Content continues after advertisement

Weight Bearing After Amputation

Heather L. Troyer, DVM, DABVP, CVA, CVPP, Oradell Animal Hospital, Paramus, New Jersey


|June 2017

Sign in to Print/View PDF

In the Literature

Cole GL, D Millis. The effect of limb amputation on standing weight distribution in the remaining three limbs in dogs. Vet Comp Orthop Traumatol. 2017;30(1):59-61.

From the Page …

This study evaluated standing weight in patients that had previously undergone thoracic limb or pelvic limb amputation. The evaluators used a commercial stance analyzer. As compared with standard force plates, which are used in other methods to evaluate gait kinetics, stance analyzers require less skill for collecting data, use less space, and are less costly. 

Two groups of dogs were evaluated. One group comprised dogs with thoracic limb amputation (n = 10), and the other group comprised dogs with pelvic limb amputation (n = 10). Five trials of stance data were collected for each dog and compared with established normal, nonamputated values. 

Dogs with thoracic limb amputation and dogs with pelvic limb amputation had the largest increase in weight bearing in the contralateral thoracic limb. The study suggested that a careful preoperative orthopedic and neurologic evaluation of the limbs is necessary and that long-term emphasis on preservation of the contralateral thoracic limb would be useful. 

Multimodal adjunctive techniques1 could help preserve joint and limb health in amputees. Analgesic and restorative therapies may include NSAIDs, extra-label adjunctive analgesics, physical rehabilitation, acupuncture, cold laser therapy, weight maintenance, stem cells or platelet-rich plasma, and/or emerging drug therapies.1-3 Understanding these new modalities and the biomechanics of an amputee may help practitioners make more informed clinical decisions, in the same way that knowing which digits are primarily weight bearing can help when discussing prognosis about foot trauma or surgery with an owner.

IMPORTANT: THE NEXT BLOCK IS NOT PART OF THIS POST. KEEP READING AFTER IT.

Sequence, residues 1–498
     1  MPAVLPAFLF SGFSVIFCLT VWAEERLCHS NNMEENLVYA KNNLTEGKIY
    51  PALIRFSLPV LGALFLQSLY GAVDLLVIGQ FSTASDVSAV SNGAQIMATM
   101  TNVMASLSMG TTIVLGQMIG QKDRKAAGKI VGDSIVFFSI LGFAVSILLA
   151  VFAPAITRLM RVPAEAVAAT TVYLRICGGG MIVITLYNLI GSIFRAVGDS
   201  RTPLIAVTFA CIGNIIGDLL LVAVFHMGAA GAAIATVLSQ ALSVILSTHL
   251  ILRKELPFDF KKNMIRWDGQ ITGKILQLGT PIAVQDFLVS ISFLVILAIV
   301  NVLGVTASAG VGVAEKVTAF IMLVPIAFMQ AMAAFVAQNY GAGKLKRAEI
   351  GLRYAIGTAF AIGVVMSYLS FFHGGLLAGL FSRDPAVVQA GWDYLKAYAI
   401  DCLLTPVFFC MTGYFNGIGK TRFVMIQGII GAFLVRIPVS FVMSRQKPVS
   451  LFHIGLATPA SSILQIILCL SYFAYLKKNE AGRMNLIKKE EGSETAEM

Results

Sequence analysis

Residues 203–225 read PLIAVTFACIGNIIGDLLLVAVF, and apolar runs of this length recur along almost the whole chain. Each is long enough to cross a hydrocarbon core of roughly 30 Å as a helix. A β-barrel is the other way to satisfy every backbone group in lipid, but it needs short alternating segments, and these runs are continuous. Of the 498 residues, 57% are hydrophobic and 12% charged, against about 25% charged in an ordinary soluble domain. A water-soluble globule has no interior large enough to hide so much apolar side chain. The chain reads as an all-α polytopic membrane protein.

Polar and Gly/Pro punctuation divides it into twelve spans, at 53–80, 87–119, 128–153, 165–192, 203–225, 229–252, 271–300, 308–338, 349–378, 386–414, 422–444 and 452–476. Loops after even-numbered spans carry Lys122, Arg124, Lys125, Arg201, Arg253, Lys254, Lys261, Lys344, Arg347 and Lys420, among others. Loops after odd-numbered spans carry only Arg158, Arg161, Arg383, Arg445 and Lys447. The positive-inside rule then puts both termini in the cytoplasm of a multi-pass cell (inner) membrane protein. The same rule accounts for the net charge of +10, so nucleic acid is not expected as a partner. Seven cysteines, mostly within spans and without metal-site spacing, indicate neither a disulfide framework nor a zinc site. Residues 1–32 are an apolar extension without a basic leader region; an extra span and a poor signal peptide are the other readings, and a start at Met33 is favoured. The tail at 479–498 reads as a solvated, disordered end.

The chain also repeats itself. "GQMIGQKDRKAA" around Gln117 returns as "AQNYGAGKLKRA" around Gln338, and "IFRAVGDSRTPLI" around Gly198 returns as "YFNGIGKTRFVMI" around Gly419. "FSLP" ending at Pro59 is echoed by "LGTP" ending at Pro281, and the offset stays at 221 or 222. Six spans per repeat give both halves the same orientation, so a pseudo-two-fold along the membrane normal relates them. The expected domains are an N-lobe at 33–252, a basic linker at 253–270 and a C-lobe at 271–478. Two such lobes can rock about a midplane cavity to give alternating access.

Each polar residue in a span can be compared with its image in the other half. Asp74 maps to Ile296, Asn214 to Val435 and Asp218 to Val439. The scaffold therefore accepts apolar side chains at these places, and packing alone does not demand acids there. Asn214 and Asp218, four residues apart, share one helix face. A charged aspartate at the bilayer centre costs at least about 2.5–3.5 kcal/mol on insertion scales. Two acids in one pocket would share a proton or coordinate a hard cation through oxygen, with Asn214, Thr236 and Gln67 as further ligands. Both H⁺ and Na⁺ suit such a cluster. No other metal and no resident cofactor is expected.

… To Your Patients 

Key pearls to put into practice:


If venous drug administration is needed in an amputee, clinicians should consider not using the contralateral thoracic limb.


If a pelvic limb amputee has orthopedic disease in the ipsilateral thoracic limb, both thoracic limbs should be assessed and treated to preserve the contralateral (primary weight-bearing) thoracic limb.


Clients should be educated about the importance of maintaining lean body weight, preserving joint health, and encouraging exercise for amputee patients that are comfortable and able. Also, assistance devices should be discussed, and patients should be referred for orthotics when necessary.

References and Author Information

For global readers, a calculator to convert laboratory values, dosages, and other measurements to SI units can be found here.

All Clinician's Brief content is reviewed for accuracy at the time of publication. Previously published content may not reflect recent developments in research and practice.

Material from Clinician's Brief may not be reproduced, distributed, or used in whole or in part without prior permission of Educational Concepts, LLC. For questions or inquiries please contact us.


Clinician's Brief:
The Podcast
Listen as host Alyssa Watson, DVM, talks with the authors of your favorite Clinician’s Brief articles. Dig deeper and explore the conversations behind the content here.
Clinician's Brief provides relevant diagnostic and treatment information for small animal practitioners. It has been ranked the #1 most essential publication by small animal veterinarians for 9 years.*

*2007-2017 PERQ and Essential Media Studies

© 2023 Educational Concepts, L.L.C. dba Brief Media ™ All Rights Reserved. Terms & Conditions | DMCA Copyright | Privacy Policy | Acceptable Use Policy